Cheap small cars: are they falling victim to electromobility?

by time news

EA new car for less than 10,000 euros and small cars that are less than four meters long and fit in any parking space? What is relieving the budget of young people, novice drivers and congestion-ridden city centers today could soon be history.

In order to prepare combustion engines for future pollution standards or to follow the trend towards electrification, manufacturers have to invest so much money in cars that small cars become significantly more expensive and could therefore largely disappear from the market.

Why are small cars becoming more expensive?

“An implementation of the discussed EU7 scenarios would only be possible with far-reaching technical measures that are complex and therefore very cost-intensive,” says Frank Welsch, Head of Quality at the VW Group.

He looks to the next level of European emission standards, which are currently being discussed and defined for the middle of the decade. Mild hybrids, as they are already standard at least from the middle class upwards and are slowly diffusing into the compact class, would hardly be enough.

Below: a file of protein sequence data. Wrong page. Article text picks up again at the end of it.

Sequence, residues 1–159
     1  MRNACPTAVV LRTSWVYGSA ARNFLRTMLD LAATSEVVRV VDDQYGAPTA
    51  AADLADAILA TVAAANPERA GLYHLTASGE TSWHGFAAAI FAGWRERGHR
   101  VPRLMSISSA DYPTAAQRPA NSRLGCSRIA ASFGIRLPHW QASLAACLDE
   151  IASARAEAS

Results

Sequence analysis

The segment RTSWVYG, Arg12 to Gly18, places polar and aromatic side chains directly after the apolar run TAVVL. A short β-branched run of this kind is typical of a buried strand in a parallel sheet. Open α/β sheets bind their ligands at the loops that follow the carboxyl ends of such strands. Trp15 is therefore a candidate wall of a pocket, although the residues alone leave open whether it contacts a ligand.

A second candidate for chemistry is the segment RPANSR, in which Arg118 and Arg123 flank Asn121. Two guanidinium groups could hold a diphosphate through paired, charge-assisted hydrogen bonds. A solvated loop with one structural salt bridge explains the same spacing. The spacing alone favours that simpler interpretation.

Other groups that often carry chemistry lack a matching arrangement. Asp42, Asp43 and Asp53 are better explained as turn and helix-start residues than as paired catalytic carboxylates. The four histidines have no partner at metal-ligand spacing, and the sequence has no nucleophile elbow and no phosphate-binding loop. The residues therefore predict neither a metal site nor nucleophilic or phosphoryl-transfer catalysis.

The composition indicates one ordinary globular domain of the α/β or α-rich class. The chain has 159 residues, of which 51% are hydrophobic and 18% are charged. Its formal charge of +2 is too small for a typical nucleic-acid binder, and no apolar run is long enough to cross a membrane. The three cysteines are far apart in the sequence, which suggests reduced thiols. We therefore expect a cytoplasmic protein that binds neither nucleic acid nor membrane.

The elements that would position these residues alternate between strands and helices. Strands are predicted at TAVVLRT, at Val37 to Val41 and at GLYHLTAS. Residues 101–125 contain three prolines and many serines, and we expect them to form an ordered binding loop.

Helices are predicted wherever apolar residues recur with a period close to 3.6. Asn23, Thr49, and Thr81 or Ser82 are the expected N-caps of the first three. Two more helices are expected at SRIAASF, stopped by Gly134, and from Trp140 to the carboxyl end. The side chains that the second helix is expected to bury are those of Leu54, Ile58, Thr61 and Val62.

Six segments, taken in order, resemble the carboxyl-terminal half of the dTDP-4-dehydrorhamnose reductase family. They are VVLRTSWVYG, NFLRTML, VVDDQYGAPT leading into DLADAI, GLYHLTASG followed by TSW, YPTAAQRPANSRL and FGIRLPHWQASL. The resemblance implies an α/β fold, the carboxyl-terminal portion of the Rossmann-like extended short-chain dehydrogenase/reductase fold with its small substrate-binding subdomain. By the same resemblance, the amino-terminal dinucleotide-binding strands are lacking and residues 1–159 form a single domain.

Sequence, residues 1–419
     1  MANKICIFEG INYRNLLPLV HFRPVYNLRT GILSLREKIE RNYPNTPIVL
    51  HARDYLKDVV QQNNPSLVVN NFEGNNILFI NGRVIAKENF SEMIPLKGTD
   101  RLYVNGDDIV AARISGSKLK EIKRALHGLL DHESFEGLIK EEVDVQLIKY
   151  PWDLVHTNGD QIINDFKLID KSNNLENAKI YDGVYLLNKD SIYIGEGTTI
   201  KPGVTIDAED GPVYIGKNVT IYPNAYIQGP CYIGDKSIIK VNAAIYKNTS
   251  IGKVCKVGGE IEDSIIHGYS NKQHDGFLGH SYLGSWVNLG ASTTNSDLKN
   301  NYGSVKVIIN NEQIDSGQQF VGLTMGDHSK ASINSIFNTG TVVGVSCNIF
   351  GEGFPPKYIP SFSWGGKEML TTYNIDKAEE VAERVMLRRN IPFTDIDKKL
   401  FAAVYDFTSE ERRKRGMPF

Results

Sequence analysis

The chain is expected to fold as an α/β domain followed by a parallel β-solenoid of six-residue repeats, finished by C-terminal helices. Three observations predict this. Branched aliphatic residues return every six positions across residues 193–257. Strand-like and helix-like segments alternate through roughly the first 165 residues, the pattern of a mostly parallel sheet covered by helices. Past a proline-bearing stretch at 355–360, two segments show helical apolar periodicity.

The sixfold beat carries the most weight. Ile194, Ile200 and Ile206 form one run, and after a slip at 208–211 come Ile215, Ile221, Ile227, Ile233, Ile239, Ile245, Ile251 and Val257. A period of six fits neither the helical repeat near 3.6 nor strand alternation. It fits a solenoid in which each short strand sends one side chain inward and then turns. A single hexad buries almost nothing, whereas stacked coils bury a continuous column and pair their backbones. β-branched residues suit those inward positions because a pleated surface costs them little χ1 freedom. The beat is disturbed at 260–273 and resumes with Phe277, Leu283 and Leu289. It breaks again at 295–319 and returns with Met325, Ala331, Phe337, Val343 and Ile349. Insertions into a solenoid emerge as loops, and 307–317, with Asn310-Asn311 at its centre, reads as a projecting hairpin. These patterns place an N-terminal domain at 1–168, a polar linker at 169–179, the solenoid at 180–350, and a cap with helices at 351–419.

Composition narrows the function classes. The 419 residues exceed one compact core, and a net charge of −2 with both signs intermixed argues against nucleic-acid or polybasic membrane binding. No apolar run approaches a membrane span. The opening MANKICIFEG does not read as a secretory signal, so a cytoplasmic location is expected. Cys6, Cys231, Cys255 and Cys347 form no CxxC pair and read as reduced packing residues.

also read

In order to actually achieve the required CO2 values, significantly more powerful electric motors and larger buffer batteries would have to be installed. Not to mention extended exhaust aftertreatment in the fight against nitrogen oxides and carbon monoxide.

“That would make most vehicles much more expensive”, Welsch is convinced and fears that this surcharge would no longer be acceptable for many in the particularly sensitive small car segment.

“Affordable entry-level vehicles with combustion engines would definitely be a thing of the past,” says Welsch.

E-mobility and emissions standards: Are cheap small cars falling victim to?

VW will probably not bring a direct successor to the small Up

Source: dpa-tmn / Volkswagen AG

His boss Herbert Diess is even clearer: He has already rejected a successor to the small car Up and even behind the Polo he creates a big question mark under these circumstances.

The more expensive the car, the more it is worth it

Not without reason, says Professor Stefan Bratzel from the University of Economics in Bergisch Gladbach. The cheaper a vehicle is, the higher the additional share of the costs for improved emission control. And the more difficult it will be to pass these costs on to customers, according to the automotive economist.

In the upper class and in the premium segment, this does not have such a strong impact and can be refinanced better. “But smaller cars are then practically unsaleable and should be discontinued.”

also read

An ID.3 and ID.4 are in front of the new XL press in the Zwickau press shop

E-mobility breakthrough

Andreas Radics from strategy consultant Berylls in Munich may not go that far, but he also expects dramatic changes in the range: The model selection will be significantly thinner and the generation sequence will be delayed: their model run cycles are extended considerably so that the development costs are amortized. “

High prices for e-cars without government funding